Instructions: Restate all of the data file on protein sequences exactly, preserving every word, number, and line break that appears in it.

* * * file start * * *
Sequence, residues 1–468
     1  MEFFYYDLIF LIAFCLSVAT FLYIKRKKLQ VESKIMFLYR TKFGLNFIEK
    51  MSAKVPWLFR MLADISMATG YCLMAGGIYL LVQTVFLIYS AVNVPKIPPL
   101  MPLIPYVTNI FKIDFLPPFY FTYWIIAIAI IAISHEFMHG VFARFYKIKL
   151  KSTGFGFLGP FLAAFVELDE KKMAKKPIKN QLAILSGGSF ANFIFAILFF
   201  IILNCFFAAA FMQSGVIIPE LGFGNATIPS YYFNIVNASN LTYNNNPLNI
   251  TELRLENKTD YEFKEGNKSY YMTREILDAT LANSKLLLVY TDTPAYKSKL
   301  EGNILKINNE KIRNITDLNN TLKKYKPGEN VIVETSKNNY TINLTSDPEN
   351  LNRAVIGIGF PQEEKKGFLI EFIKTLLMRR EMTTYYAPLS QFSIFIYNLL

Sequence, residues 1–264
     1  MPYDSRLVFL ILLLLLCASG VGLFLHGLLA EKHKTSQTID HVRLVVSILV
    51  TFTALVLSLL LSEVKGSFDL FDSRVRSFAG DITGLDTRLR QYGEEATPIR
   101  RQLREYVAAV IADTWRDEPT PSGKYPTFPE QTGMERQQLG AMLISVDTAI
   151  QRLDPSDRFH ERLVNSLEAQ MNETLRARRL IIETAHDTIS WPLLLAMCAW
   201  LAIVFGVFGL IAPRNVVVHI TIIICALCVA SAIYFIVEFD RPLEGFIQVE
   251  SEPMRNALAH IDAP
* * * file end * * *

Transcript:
Sequence, residues 1–468
     1  MEFFYYDLIF LIAFCLSVAT FLYIKRKKLQ VESKIMFLYR TKFGLNFIEK
    51  MSAKVPWLFR MLADISMATG YCLMAGGIYL LVQTVFLIYS AVNVPKIPPL
   101  MPLIPYVTNI FKIDFLPPFY FTYWIIAIAI IAISHEFMHG VFARFYKIKL
   151  KSTGFGFLGP FLAAFVELDE KKMAKKPIKN QLAILSGGSF ANFIFAILFF
   201  IILNCFFAAA FMQSGVIIPE LGFGNATIPS YYFNIVNASN LTYNNNPLNI
   251  TELRLENKTD YEFKEGNKSY YMTREILDAT LANSKLLLVY TDTPAYKSKL
   301  EGNILKINNE KIRNITDLNN TLKKYKPGEN VIVETSKNNY TINLTSDPEN
   351  LNRAVIGIGF PQEEKKGFLI EFIKTLLMRR EMTTYYAPLS QFSIFIYNLL

Sequence, residues 1–264
     1  MPYDSRLVFL ILLLLLCASG VGLFLHGLLA EKHKTSQTID HVRLVVSILV
    51  TFTALVLSLL LSEVKGSFDL FDSRVRSFAG DITGLDTRLR QYGEEATPIR
   101  RQLREYVAAV IADTWRDEPT PSGKYPTFPE QTGMERQQLG AMLISVDTAI
   151  QRLDPSDRFH ERLVNSLEAQ MNETLRARRL IIETAHDTIS WPLLLAMCAW
   201  LAIVFGVFGL IAPRNVVVHI TIIICALCVA SAIYFIVEFD RPLEGFIQVE
   251  SEPMRNALAH IDAP